Ever since Sparky Anderson took over the Detroit Tigers in 1979 and spelled out his five-year plan for building the team into a world champion, the half-decade marker has been the yardstick by which all coaches and managers have been measured.
That being the case, Columbia College basketball coach Andy Vasher was right on schedule in the 2001-02 season.
In his fifth season at the helm of the Columbia program, Vasher led the Claim Jumpers, the third runners-up for The Union Democrat's Sports Figure of the Year award, to the State Final Eight for the first time since the 1995-96 season and to an overall record of 27-7.
"It was the best all-around team we've had," Vasher said. "We had eight or nine good players, and one really good one, so we were able to keep coming at people all game long."
More like all season long. With sophomore forward Derrick Stewart, an all-Central Valley Conference pick his freshman year, leading the way, Columbia started strong and built upon its early momentum throughout the season.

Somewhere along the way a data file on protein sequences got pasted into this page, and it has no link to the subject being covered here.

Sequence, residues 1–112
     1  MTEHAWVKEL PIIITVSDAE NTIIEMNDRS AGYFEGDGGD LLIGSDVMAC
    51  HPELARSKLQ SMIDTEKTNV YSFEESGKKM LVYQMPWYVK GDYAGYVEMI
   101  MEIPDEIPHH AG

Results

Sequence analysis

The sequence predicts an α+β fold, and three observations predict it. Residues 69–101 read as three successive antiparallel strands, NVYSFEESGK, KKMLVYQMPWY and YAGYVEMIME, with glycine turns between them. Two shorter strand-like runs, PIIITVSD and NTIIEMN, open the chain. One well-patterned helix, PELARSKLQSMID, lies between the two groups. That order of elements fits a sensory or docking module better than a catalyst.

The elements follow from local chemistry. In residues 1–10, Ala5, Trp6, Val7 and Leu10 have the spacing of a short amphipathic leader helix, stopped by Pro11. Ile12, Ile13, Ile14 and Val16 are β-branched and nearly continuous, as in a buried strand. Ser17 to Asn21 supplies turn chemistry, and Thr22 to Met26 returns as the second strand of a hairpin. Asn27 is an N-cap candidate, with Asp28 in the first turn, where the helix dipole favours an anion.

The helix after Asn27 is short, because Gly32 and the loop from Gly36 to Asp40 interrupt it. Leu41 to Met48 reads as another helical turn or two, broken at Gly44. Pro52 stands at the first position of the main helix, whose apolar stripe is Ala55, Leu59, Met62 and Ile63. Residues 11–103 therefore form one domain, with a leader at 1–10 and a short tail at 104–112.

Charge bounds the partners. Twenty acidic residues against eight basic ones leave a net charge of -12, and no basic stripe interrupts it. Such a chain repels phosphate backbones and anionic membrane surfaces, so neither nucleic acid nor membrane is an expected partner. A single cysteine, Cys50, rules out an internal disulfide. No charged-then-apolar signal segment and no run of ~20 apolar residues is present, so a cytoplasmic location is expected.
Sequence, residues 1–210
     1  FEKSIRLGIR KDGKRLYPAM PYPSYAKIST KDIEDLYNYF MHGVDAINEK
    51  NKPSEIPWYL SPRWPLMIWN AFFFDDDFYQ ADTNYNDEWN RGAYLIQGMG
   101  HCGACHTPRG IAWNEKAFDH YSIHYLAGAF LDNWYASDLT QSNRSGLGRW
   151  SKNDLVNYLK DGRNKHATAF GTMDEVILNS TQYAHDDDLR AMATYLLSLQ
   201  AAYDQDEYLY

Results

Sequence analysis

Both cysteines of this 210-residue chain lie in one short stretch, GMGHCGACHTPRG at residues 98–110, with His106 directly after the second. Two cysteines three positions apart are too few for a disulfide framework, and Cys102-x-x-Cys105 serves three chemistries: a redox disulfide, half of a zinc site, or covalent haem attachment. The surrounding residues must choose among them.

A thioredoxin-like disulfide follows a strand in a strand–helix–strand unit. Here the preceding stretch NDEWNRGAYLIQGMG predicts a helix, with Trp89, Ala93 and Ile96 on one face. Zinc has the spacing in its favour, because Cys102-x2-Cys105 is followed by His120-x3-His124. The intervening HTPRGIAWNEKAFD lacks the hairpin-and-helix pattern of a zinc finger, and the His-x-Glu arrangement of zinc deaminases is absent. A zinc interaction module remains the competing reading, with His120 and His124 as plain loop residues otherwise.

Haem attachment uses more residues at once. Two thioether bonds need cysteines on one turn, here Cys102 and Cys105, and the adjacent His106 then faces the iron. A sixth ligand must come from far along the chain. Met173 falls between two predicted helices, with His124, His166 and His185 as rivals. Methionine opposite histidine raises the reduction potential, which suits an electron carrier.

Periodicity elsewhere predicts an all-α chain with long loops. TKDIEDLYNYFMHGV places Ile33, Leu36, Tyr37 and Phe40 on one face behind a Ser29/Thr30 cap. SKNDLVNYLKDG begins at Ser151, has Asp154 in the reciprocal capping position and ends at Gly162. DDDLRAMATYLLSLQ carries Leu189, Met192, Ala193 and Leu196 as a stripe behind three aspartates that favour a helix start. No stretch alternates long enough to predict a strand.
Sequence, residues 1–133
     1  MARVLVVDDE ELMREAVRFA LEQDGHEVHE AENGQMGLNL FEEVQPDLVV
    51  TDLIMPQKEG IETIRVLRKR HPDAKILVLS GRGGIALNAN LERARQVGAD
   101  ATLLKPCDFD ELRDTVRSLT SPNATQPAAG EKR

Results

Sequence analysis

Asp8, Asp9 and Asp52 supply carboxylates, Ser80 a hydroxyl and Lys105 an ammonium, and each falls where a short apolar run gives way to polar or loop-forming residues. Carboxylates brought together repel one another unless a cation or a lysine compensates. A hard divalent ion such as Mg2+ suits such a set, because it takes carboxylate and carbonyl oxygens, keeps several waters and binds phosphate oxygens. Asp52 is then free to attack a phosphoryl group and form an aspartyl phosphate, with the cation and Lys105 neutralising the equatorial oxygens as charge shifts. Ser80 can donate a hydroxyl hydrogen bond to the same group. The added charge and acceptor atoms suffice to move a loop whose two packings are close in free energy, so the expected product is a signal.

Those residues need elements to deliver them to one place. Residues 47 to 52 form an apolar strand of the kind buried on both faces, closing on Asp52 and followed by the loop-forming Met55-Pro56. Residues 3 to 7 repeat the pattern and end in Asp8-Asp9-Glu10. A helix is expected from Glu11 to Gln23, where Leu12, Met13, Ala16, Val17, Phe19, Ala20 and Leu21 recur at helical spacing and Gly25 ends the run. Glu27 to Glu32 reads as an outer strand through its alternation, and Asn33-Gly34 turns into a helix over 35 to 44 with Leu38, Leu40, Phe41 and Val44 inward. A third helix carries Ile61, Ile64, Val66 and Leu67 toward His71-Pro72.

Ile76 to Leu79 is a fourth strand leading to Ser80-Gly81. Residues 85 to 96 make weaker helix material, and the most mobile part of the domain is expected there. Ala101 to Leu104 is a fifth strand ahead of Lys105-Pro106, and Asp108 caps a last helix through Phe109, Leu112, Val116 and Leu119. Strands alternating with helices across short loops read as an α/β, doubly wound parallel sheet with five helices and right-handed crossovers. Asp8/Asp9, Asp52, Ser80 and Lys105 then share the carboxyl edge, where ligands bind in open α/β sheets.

In just their second game of the season, the Jumpers put the Northern California basketball world on notice by dismantling powerful Shasta of Redding 110-87 at the Sierra College Tournament in Rocklin.
The victory sparked Columbia to a 14-3 preseason record, which featured a championship at the Cosumnes River Tournament, a consolation title at the Modesto Junior College Tournament and a second win over Shasta in a game that proved just how deep the Jumpers were.
With Stewart and starting point guard Jeff Johnson stuck in their hometown of Norfolk, Va., because of a snowstorm, Columbia still managed to topple the Knights as its less-heralded stars got a chance to shine. Led by center Doug Carlson's 26 points, the Jumpers beat Shasta 83-78 with Derek Olich (17 points), Mikey Dyer (15 points), Rick Lueneberg (14 points) and Jeremy Peterson (11 points) all reaching double figures.
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